Workshop: One Health Research Tools for preparedness and response to zoonotic diseases outbreaks
Outbreaks that occur at the animal-human- environment interface pose a significant threat to public health, social security, and the economy. The World Organization for Animal Health (OIE) reported that 60% of the existing human infections are zoonotic and 75% of human emerging diseases are of animal origin. In addition, 3 out 5 new human diseases detected annually are of animal origin, most of these outbreaks are triggered by favorable environments.
In order to guide the prevention, control and elimination of priority zoonotic disease, the Africa CDC developed a One Health Framework with the following goals:
- Strengthen multisectoral, One Health coordination and collaboration
- Develop and strengthen surveillance system and data-sharing mechanisms with relevant stakeholders
- Strengthen laboratory systems and networks to ensure early detection, surveillance, and response
- Ensure effective and coordinated public health emergency preparedness and response using a One Health approach
- Strengthen and support workforce development to prevent and control priority zoonotic diseases
Following the Africa CDC’s One Health Framework goals, Africa CDC, Pandora-net, Chatham House, UCL and The Global Health Network have come together with the following two-day training workshop.
The event will focus on research skills needed for outbreak rapid response teams to strengthen their ability to prepare and respond efficiently to zoonotic diseases outbreaks using the “One Health” approach. Notably, the workshop will emphasize the power of combining data from animal, human and environmental sectors to help design epidemiologic studies that can guide evidence-based interventions against zoonotic diseases outbreaks. The event will also highlight the opportunity for predicting zoonotic diseases outbreaks through One Health Early Warning and Response System. This is to create lead time to inform the surveillance system and allow for a successful preparedness and response strategy against such outbreaks.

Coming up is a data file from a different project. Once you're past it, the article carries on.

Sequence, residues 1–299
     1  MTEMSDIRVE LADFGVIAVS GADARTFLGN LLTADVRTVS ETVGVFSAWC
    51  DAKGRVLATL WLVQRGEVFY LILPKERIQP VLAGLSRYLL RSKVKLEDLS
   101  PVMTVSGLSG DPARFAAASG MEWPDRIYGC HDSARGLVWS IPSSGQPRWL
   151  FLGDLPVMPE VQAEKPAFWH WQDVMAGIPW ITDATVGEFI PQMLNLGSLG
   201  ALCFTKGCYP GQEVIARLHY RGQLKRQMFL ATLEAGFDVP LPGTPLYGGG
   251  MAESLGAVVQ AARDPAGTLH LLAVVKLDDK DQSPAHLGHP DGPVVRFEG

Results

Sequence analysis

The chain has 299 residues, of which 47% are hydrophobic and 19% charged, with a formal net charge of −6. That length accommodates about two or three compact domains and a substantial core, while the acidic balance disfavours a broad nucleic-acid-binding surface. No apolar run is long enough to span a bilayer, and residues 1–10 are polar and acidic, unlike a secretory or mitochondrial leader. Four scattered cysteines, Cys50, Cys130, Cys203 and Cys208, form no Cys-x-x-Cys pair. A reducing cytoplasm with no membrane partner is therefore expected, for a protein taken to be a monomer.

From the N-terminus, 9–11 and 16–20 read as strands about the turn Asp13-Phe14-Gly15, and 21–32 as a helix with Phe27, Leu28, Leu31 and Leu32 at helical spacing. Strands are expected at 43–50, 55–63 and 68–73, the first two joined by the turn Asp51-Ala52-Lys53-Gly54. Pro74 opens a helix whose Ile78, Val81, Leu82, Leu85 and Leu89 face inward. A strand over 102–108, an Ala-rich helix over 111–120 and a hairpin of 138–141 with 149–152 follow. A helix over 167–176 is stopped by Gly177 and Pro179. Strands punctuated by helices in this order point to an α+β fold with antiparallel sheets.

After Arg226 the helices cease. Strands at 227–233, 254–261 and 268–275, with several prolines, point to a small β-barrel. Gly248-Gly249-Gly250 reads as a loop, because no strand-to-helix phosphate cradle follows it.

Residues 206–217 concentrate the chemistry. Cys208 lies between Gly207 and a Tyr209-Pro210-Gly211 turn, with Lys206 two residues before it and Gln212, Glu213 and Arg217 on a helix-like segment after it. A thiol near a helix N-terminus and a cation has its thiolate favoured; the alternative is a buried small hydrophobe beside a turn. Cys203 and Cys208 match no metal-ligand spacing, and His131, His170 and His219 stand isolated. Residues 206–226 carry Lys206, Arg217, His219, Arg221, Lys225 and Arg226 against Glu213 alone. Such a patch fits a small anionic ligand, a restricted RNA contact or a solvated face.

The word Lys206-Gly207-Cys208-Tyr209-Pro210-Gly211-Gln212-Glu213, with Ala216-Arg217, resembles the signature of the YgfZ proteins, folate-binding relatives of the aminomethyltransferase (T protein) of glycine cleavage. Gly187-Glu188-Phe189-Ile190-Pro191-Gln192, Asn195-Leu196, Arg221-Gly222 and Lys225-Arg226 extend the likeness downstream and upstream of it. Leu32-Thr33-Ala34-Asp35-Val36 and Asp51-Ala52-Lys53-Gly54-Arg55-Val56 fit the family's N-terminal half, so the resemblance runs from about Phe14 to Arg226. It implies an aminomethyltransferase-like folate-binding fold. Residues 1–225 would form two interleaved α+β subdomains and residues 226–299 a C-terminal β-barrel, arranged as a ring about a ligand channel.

The main objectives of this workshop are to:
- Present opportunities and challenges of collecting, aggregating, and sharing zoonotic diseases’ data across animal, human and environmental sectors as a base for integrated One Health research.
- Emphasize relevant epidemiologic study designs that can provide evidence for zoonotic outbreaks preparation and response interventions.
- Advocate for One Health Early Warning and Response System that can provide lead time for possible adverse conditions which could trigger occurrence of zoonotic diseases outbreaks.
- Elaborate syndromic surveillance and event-based surveillance as tools to strengthen the conventional surveillance for zoonoses in Africa.
- Encourage participants to share knowledge, competences, and skills that they will gain during the workshop with their colleagues in different African countries.